“This is such an iconic piece of Tacoma history, and a staple of growing up in the Proctor District.”

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Tucked neatly in Tacoma’s Proctor District is the oldest continuously operating theater in Washington state. The 205-seat Blue Mouse Theatre is a treasured community staple, showing a select variety of vintage and modern classic films and providing a perfect centralized community event space to the heart of the city.


The Blue Mouse exists primarily as a “community oriented business”. We provide a place for the community to gather, and find significant success in our capacity to make the Proctor Business district a more connected and engaging neighborhood. In the original prospectus survey for the incorporation of the Blue Mouse Partners, “financial return” was quite a low priority for the majority of investors. We have been and will continue to be focused primarily on the community with the business aspects of the Blue Mouse working to serve that primary focus.

The Blue Mouse contributes to Proctor by being relevant, current, inviting and exciting.

That primary focus established, we are also stewards of a business and a building. We owe our shareholders a financially responsible stewardship of this business and building.

bluemouse-oldOn Tuesday evening, November 13, 1923, John Hamrick’s Blue Mouse Theatre had its Grand Opening on Proctor Street. It was named after a lounge in Paris, France, which showed the latest rage, ‘flicks’.

“A spectacular melodrama” called The Green Goddess was the first ‘picture show’ projected on the theatre’s ‘silent screen’. The headline in the Tacoma News Tribune called it the “Finest Suburban Theater in the Northwest”. The account in the newspaper the next day stated that “every one of the 220 seats was occupied and a good sized overflow greeted the management”.

Hamrick, a Northwest movie house impresario, operated the prospering community theater until it was purchased in 1945 by Glen Spencer. Spencer renamed the theater the Proctor Theatre and ran it as a
family business for almost 30 years until he sold it in 1973 to Will Connor, a former theater manager for John Hamrick.

As 1978 neared its years end, so did Conner Theater Corporation's ownership of the Proctor Theatre. A group of young Seattleites (all between the ages of 23 and 27) purchased the Proctor Theatre with high
ambitions of turning the venue around. The Proctor Theatre became The Bijou. The new owners, headed by brothers Jeff and Greg Radiske and Jeff's wife Paula, leapt into the theater business after Greg took a film history course at Pacific Lutheran University and talked his brother into buying into the for-sale Proctor.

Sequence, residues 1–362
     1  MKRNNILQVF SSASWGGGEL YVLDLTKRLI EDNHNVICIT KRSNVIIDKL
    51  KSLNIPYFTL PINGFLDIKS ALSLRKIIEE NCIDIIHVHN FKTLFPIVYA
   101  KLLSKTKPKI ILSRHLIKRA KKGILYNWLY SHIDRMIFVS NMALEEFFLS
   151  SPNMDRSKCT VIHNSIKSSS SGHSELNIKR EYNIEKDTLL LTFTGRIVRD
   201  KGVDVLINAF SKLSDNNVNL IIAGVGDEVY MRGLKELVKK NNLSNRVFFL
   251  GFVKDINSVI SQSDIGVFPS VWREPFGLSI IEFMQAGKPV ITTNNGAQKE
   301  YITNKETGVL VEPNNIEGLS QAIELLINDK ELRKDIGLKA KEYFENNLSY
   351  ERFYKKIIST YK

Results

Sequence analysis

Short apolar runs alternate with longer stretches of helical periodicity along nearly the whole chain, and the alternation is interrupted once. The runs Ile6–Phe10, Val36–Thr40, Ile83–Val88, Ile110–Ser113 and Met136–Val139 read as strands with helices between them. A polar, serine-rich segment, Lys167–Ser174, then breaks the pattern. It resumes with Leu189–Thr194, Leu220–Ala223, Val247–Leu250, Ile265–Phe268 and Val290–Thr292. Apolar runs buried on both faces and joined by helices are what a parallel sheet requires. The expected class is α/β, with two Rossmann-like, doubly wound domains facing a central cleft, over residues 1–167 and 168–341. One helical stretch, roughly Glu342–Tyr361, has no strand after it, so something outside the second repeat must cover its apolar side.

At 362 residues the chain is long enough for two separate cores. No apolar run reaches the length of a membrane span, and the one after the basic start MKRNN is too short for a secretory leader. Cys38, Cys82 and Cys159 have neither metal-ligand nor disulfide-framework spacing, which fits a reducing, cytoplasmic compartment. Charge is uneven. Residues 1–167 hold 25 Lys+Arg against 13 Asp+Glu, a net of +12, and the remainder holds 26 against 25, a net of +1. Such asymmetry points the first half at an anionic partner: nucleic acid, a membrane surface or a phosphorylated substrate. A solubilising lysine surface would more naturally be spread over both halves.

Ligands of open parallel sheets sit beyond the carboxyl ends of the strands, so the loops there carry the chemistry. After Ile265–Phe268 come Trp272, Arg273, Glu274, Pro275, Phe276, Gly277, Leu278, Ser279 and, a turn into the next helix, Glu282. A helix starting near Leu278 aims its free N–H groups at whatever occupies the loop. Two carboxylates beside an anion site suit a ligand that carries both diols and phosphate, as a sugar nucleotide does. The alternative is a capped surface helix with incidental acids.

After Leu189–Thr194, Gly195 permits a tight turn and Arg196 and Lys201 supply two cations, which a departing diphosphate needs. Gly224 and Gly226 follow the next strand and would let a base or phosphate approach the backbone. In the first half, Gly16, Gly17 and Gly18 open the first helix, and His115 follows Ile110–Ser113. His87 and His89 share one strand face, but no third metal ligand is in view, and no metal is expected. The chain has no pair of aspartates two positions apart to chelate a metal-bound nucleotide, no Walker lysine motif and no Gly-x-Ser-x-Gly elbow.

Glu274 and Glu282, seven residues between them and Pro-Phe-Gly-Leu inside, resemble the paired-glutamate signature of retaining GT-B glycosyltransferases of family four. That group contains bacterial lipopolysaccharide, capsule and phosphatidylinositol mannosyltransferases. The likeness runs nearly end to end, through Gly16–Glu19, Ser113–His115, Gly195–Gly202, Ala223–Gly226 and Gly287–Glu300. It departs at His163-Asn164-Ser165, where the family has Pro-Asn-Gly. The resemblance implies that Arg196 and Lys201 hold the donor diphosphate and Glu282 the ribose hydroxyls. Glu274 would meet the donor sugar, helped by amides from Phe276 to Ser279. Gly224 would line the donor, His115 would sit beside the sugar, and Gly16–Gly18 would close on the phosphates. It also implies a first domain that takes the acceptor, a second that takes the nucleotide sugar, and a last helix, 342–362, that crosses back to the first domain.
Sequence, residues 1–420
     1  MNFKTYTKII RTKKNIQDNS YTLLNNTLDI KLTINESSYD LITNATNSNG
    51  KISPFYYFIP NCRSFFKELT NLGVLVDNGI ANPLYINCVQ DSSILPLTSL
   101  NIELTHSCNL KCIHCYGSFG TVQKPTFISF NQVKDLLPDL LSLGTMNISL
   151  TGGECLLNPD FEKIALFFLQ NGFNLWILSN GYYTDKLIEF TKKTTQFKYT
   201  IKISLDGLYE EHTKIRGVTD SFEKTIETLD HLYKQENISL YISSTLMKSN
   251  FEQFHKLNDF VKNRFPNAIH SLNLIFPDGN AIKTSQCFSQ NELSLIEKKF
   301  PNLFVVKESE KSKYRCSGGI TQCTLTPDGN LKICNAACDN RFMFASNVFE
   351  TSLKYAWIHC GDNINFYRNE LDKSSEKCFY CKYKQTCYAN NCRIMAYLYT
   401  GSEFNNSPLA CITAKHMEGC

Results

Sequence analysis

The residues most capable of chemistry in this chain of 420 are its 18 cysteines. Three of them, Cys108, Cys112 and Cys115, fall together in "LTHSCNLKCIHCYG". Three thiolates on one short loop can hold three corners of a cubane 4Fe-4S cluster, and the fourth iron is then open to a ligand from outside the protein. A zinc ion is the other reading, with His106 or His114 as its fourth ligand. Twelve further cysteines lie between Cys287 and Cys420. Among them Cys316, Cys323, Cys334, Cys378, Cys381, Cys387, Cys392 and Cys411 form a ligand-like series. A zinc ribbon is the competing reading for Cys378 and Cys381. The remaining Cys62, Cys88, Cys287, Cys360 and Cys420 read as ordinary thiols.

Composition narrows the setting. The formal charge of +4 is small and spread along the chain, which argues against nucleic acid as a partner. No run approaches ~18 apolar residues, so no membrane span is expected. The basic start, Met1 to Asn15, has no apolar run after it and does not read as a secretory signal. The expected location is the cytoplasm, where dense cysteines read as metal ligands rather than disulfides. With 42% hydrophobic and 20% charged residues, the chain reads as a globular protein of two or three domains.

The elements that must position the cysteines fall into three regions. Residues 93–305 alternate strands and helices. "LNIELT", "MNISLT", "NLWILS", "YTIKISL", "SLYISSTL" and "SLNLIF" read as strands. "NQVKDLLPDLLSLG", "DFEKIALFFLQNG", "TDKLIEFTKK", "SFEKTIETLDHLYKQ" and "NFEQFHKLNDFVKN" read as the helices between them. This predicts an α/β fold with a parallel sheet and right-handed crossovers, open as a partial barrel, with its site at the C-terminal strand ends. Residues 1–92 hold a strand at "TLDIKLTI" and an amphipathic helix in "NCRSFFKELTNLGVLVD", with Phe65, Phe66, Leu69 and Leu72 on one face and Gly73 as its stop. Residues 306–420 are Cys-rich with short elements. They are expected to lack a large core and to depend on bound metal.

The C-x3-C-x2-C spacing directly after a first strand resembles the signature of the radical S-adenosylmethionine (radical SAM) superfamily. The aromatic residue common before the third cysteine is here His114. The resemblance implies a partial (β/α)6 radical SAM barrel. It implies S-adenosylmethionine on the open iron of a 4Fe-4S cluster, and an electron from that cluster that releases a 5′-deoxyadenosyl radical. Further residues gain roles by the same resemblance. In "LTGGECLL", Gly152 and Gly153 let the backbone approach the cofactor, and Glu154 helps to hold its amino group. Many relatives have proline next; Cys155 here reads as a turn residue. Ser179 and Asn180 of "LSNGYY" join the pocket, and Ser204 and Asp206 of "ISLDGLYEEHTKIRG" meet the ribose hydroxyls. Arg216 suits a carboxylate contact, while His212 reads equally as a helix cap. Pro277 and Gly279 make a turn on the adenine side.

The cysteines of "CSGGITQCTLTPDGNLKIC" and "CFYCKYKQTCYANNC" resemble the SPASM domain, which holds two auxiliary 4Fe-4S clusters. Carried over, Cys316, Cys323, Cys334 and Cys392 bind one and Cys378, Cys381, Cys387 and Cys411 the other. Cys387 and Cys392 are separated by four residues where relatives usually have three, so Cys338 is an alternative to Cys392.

Unable to create the success anticipated, in February 1981, the Bijou was sold to Galaxy Theaters (an
independent theatre chain) under the management of President Wayne Kullander. the owners turned their theater over to a new operator, Steve McCoy.

Threatened by a proliferation of huge theater chain multiplexes, hard times fell upon neighborhood movie theaters in the late 80s, Galaxy sold the Bijou to Shirley Mayo. The Bijou operated as one of a few movie houses in Tacoma not owned by a large theater chain. Then Shirley Mayo was approached by developers interested in utilizing the real estate for other purposes.

Concerned about the potential demise of the community theater, Shirley reached out to Proctor community. In 1993 a small group of activists and preservationists joined together to purchased and restore the property. The group came together under the name “Blue Mouse Associates”.

Under layers of paint, wood veneer and glass tiles put on in the ‘30s and ‘40s they discovered the original Craftsman-style timbering, stucco, brick pillars, globe light sconces, polished marble terrazzo and original mahogany doors. The same was the case with interior renovation. The theater’s original architectural charm was rediscovered in craftsmen staircases, chandelier surround, an ornate trellis around the proscenium arch, decorated capitals atop side wall columns and Tiffany-style glass exit signs. At 100-years-old, the Blue Mouse is a community treasure and one of the very oldest continuously operating movie theaters in the country.